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Six Takeaways: Utilization and Structuring for Section 45Q Carbon Capture Credits

On Thursday, June 11, McDermott partners Phil Tingle, Heather Cooper and Jacob Hollinger were joined by Ken Ditzel, managing director at FTI Consulting, to discuss their insights into the proposed Section 45Q carbon capture and sequestration credit regulations. The Treasury Department and IRS recently published proposed regulations implementing the Section 45Q carbon capture and sequestration credit. The regulations clarify some questions about the credit, though many questions remain. For further discussion, see our On The Subject. Below are six key takeaways from this week’s webinar: Carbon capture projects are likely to be economically important moving forward. Ken Ditzel estimated there are more than 600 economically viable projects, including both secure geological storage at deep saline formations and enhanced oil recovery projects. The proposed regulations provide a compliance pathway for satisfying the reporting requirements. For long-term storage,...

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IRS Extends Deadline for ITC and PTC Projects

The IRS yesterday released anticipated guidance extending the placed-in-service deadline for the Investment Tax Credit (ITC) and Production Tax Credit (PTC). Under Notice 2020-41, the “Continuity Safe Harbor” was extended to five years for any project that otherwise began construction in 2016 or 2017. As background, the applicable credit rate for the ITC and PTC turns on when a project begins construction. The IRS has issued a series of Notices providing guidance on when a project begins construction for these purposes. Under the guidance, taxpayers can either satisfy the “Five Percent Safe Harbor” or “Physical Work Test”. In addition to requiring certain activities in the year construction begins, both methods include a second prong, requiring certain continuous work until the project is placed in service. The IRS has previously provided the Continuity Safe Harbor, under which a project will be treated as having met the second prong so long as it is placed...

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Five Takeaways: Navigating President Trump’s Executive Order on US Bulk Power System Electric Equipment

President Trump’s May 1, 2020 Executive Order prohibiting certain transactions involving bulk-power system electric equipment developed, manufactured or supplied by a foreign adversary could have far-reaching implications for both the renewable and conventional power industries. It has also raised a high level of uncertainty and risk while the industry awaits the actual implementation of the Executive Order. This interim period, as well as the breadth of the Executive Order, raises key questions and concerns for sponsors and developers of energy projects, construction contractors and energy project investors. Read our latest On the Subject for more in-depth information. Yesterday, after the Department of Energy's stakeholder call, we hosted a webinar that addressed important considerations as to how the Executive Order may impact your business. In particular, our hosts provided a step-by-step framework on navigating the Executive Order based on their prior US...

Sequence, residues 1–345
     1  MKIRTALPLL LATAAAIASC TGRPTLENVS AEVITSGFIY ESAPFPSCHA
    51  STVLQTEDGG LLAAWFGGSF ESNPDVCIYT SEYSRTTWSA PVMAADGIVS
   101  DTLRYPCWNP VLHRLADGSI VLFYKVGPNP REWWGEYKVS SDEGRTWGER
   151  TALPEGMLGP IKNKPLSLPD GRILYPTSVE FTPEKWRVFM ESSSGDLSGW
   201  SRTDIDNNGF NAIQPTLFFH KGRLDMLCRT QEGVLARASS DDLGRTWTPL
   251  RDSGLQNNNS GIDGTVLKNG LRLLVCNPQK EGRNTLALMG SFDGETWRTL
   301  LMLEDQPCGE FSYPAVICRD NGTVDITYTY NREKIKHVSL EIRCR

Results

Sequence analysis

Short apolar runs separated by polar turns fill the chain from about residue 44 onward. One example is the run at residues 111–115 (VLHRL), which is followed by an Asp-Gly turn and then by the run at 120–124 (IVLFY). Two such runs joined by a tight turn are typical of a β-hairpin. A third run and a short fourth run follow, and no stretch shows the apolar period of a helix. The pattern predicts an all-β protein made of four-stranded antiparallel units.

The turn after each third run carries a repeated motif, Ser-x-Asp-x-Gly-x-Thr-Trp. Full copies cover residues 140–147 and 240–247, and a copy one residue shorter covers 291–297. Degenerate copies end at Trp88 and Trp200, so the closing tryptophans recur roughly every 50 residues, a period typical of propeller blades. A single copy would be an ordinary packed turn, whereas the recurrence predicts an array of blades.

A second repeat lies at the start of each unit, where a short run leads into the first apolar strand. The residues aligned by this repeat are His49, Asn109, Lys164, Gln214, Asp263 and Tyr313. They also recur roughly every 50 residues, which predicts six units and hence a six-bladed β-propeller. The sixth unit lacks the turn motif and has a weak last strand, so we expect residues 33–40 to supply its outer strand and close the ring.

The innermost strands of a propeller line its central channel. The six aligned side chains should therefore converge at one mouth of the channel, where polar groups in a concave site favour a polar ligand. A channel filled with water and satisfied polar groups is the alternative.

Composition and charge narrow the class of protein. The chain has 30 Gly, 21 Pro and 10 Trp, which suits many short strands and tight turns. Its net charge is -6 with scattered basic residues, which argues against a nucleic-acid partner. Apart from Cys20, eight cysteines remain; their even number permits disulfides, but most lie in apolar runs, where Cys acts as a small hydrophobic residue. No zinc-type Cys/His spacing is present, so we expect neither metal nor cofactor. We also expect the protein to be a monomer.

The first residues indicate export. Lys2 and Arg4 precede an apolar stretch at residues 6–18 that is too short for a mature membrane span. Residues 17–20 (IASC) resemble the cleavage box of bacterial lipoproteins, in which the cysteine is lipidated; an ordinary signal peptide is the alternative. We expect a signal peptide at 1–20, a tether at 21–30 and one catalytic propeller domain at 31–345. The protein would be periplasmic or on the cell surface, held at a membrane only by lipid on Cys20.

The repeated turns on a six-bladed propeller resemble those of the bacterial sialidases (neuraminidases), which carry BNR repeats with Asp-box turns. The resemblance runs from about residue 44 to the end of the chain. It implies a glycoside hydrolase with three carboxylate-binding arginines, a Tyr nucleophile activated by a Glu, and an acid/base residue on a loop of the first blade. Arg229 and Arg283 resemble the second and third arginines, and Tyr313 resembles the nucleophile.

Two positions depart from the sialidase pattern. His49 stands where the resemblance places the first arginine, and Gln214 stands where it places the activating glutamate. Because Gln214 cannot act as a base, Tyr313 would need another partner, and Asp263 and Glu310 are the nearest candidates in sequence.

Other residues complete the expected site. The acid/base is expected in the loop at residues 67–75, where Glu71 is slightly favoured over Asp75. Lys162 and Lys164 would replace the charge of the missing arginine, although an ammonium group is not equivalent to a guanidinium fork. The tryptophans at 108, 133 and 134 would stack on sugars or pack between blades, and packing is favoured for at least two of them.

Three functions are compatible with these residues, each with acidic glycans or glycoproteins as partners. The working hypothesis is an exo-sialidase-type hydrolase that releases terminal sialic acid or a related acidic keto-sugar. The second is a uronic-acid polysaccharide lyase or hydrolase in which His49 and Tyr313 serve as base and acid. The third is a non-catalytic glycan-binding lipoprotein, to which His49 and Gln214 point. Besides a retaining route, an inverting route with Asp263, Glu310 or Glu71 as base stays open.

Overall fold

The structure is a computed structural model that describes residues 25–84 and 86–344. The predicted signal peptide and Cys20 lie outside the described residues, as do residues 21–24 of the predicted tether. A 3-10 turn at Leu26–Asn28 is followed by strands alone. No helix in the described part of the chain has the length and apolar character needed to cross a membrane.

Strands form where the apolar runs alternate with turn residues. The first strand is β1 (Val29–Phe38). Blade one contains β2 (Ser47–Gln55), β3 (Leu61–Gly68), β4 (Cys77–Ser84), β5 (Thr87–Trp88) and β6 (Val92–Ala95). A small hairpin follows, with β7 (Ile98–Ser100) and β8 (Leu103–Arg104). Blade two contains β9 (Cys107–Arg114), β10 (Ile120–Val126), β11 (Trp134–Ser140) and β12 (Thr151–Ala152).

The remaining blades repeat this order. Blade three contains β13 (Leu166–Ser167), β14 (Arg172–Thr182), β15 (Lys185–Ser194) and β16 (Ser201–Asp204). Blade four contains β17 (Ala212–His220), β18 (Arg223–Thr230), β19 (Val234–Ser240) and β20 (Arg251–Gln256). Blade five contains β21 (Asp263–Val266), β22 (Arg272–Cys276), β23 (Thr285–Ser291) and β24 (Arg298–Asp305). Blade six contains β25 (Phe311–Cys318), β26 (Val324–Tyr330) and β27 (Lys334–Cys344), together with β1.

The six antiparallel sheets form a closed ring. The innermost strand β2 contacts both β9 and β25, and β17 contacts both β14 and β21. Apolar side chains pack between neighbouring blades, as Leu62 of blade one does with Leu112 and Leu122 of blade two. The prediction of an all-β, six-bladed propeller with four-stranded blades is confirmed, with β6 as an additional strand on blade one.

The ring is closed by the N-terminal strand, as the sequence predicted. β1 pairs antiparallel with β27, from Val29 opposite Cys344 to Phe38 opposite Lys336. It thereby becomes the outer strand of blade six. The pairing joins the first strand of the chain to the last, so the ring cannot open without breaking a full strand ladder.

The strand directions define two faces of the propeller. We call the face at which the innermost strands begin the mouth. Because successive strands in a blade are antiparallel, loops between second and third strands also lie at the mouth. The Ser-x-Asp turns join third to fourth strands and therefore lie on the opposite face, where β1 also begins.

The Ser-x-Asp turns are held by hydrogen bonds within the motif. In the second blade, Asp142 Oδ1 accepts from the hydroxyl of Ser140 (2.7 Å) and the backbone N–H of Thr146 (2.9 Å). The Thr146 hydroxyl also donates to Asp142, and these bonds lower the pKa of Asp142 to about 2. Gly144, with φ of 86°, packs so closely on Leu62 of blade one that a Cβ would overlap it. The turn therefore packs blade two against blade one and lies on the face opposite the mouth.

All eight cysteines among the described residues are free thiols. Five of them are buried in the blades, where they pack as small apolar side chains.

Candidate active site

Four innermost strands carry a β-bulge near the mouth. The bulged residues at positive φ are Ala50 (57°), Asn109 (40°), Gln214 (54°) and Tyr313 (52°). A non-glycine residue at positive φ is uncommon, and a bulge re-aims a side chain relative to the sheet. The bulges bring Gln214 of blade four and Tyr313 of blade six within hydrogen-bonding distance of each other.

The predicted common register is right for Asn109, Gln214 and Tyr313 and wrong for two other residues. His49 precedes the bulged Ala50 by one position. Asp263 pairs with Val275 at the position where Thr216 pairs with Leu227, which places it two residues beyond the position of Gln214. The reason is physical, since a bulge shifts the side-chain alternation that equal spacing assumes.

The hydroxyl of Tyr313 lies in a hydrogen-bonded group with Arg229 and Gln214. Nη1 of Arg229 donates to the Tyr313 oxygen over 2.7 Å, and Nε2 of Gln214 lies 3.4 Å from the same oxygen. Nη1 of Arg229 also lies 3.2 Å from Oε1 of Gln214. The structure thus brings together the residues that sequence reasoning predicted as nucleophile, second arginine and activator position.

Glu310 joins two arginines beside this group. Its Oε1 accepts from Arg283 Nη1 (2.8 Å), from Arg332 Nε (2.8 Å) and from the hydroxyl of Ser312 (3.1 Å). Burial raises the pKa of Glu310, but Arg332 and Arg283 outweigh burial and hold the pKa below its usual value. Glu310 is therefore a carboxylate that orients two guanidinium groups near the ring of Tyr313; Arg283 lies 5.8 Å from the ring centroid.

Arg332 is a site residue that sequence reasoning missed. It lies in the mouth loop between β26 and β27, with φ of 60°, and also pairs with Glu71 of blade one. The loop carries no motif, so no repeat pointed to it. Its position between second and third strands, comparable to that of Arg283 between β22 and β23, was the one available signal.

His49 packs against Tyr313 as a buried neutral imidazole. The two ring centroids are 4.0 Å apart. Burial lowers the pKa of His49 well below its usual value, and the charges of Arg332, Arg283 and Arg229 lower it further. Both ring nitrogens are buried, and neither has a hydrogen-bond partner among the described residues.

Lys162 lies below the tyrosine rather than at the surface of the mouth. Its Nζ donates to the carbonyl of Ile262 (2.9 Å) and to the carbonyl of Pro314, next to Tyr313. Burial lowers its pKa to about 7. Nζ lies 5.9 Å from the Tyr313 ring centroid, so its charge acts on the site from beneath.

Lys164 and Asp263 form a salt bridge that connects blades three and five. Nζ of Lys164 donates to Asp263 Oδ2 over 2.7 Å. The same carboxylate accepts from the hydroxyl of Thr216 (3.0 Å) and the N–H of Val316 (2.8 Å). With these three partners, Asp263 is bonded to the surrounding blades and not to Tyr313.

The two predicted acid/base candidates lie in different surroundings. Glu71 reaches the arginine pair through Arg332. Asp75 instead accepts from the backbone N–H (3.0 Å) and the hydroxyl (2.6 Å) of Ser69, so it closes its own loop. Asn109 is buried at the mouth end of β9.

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COVID-19 and Wind Projects: A Legal and Commercial Checklist for Tax Equity, Debt Financing and Project Documentation

The Coronavirus (COVID-19) pandemic has severely disrupted the wind market’s supply chain and labor resources, resulting in significant project delay risk. This legal and commercial checklist is a comprehensive practitioner’s guide to help sponsors and borrowers review their tax equity, financing, offtake and material project documents to ensure compliance with obligations, prevent unnecessary default triggers, and manage relationships with banks, tax equity and other stakeholders. Access the full article.

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What COVID-19 Means For Renewable Projects And Financing

The world is facing a situation unprecedented in modern times with the global spread and impact of COVID-19. Its rapid spread has brought severe disruption and uncertainty to everyone’s personal lives, as well as to the wind, solar and storage industry supply chains, the renewable project financing market, and global markets at large. While the speed and complexity of the virus make it impossible to know the full effects it will ultimately have on the world, what follows is what we know today about the impact of COVID-19 on the supply chains for solar, energy storage and wind developers, as well as the project finance market. Access the full article.

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IRS Releases Initial Section 45Q Carbon Sequestration Credit Guidance